Packed binary data for networking.
NetStruct is a struct <http://docs.python.org/library/struct.html>_-like module for Python designed to make it a bit easier to send and received packed binary data.
NetStruct is available under the Apache License, Version 2.0.
NetStruct can be installed using pip.
pip install netstruct
You can also grab the latest code from the git repository:
git clone git://github.com/stendec/netstruct
NetStruct runs on Python 2.6+. Python 3 should work as well, but is currently untested.
Differences from struct
NetStruct has two differences from struct.
First, it defaults to using network byte-order, rather than native byte-order, on the assumption that you’ll be using it to send data over the network and, thus, it’s saving you time.
Additionally, the generated strings don’t have any padding when using non-native byte-order.
Second, NetStruct supports a new formatting character, the dollar sign ($). The dollar sign represents a variable-length string, encoded with its length preceeding the string itself. To accomplish this, the formatting character directly before the dollar sign is assumed to represent the string’s length.
This is as basic as it gets.
>>> import netstruct >>> netstruct.pack("b$", "Hello World!") '\x0cHello World!'
>>> netstruct.unpack("b$", "\x0cHello World!") ['Hello World!']
You can get a bit more complex, if you’d like.
>>> netstruct.pack("ih$5b", 1298, "largeBiomes", 0, 0, 1, 0, 8) '\x00\x00\x05\x12\x00\x0blargeBiomes\x00\x00\x01\x00\x08'
And, of course, you can unpack complex data too.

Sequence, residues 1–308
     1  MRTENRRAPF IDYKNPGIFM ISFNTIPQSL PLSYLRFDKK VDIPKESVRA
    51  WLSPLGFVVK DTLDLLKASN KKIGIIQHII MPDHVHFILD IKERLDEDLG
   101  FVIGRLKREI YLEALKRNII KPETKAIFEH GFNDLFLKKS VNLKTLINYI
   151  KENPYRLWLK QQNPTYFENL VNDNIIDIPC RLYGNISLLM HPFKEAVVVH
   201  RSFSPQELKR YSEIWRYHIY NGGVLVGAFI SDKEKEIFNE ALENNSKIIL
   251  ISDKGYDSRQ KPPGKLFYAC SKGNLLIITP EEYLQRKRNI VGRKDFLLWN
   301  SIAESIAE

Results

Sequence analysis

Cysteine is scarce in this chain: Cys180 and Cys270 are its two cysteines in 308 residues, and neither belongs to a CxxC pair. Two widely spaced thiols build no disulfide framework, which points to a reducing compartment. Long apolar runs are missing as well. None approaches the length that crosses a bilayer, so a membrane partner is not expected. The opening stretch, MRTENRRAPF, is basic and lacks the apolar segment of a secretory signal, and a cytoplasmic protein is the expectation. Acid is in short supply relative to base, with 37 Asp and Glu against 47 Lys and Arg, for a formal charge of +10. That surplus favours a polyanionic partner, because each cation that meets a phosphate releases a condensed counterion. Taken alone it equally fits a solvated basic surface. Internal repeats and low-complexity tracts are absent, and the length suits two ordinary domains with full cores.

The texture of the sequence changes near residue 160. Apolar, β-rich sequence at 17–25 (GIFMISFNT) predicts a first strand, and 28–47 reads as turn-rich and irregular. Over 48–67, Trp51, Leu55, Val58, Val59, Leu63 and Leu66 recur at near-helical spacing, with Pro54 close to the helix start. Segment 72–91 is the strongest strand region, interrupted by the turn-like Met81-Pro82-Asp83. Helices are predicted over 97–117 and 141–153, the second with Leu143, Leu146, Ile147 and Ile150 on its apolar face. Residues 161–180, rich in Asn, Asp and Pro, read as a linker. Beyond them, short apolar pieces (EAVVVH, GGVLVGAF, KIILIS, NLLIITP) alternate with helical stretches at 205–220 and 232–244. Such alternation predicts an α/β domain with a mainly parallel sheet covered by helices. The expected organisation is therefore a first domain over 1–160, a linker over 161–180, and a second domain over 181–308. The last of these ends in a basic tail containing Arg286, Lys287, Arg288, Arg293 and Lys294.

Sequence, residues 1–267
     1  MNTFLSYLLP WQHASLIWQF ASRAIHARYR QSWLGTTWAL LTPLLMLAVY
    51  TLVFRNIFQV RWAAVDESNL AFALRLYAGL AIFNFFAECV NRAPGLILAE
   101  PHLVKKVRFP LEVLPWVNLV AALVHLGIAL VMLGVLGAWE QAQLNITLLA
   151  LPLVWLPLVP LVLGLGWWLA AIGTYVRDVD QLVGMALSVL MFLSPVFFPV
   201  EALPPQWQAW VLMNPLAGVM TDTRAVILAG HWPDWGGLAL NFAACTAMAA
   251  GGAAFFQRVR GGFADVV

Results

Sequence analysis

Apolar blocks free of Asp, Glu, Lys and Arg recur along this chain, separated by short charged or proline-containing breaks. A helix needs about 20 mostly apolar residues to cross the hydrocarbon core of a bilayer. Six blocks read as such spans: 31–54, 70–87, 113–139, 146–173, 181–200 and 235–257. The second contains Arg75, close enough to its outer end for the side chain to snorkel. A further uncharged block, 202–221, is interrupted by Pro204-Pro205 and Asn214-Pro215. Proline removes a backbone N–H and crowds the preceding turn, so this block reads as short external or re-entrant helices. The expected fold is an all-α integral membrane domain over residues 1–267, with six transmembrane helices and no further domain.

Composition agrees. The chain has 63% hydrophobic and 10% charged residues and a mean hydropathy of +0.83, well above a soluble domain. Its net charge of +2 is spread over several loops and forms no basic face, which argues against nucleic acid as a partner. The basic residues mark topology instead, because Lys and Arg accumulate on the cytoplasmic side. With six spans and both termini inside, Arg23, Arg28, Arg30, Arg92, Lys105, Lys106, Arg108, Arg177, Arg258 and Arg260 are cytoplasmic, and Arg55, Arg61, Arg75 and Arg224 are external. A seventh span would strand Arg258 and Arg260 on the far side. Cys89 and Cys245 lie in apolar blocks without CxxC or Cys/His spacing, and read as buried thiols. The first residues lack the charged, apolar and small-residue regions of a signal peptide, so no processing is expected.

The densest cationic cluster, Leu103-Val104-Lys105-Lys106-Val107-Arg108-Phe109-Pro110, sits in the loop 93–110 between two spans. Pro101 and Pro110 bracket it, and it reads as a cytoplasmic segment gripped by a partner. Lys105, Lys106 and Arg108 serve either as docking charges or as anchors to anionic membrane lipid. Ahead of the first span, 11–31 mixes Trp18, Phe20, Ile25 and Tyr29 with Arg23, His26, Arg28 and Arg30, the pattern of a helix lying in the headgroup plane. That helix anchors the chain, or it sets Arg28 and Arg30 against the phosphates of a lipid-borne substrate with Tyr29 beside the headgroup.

>>> netstruct.unpack("bh$h$i", "'\x00\x07stendec\x00\tlocalhost\x00\x00c\xdd") [39, 'stendec', 'localhost', 25565]
You just have to be sure to use a long enough string.
>>> netstruct.unpack("bh$h$i", "'\x00\x07stendec\x00\tlocalhost\x00") Traceback (most recent call last): File "<stdin>", line 1, in <module> File "site-packages/netstruct.py", line 275, in unpack return NetStruct(format).unpack(data) File "site-packages/netstruct.py", line 165, in unpack raise error("unpack requires a string argument of length %d" % (len(data) + out)) struct.error: unpack requires a string argument of length 25
But wait, you say. How am I supposed to provide a long enough string to unpack the data when I can’t possibly know the length ahead of time? Simply put, you can know the length.
>>> it = netstruct.iter_unpack("ih$5b") >>> it.next() 11
The iter_unpack function returns an iterator. Each time you call that iterator’s .next() or .send() methods, it can return one of two values. Either it’ll return the number of bytes it wants you to read next, or it’ll return the completed object.
Let’s continue from above, shall we?
>>> it.send("\x00\x00\x05\x12\x00\x0b") 16 >>> it.send("largeBiomes") 5 >>> it.send("\x00\x00\x01\x00\x08 more") [1298, 'largeBiomes', 0, 0, 1, 0, 8]
There. I’ve sent enough data, so it returned the completed list of the unpacked data. At this point, I can take my data, and do whatever it is I want with it.
But wait! I just sent too much data to that iterator, and now I’ve lost some of my string, haven’t I? That’s not a problem either. You can call the iterator one final time and it will return the unconsumed remainder of the data.
>>> it.next() ' more'
It’s just that simple. Of course, not everyone likes iterators, even if they are quicker and less memory intensive than a class instance. NetStruct is prepared, with its Unpacker class and obj_unpack. Let’s try that last example one more time.
>>> obj = netstruct.obj_unpack("ih$5b") >>> obj.remaining 11 >>> obj.feed("\x00\x00\x05\x12\x00\x0b") 16 >>> obj.feed("largeBiomes") 5 >>> obj.feed("\x00\x00\x01\x00\x08 more") 0 >>> obj.result [1298, 'largeBiomes', 0, 0, 1, 0, 8] >>> obj.unused_data ' more'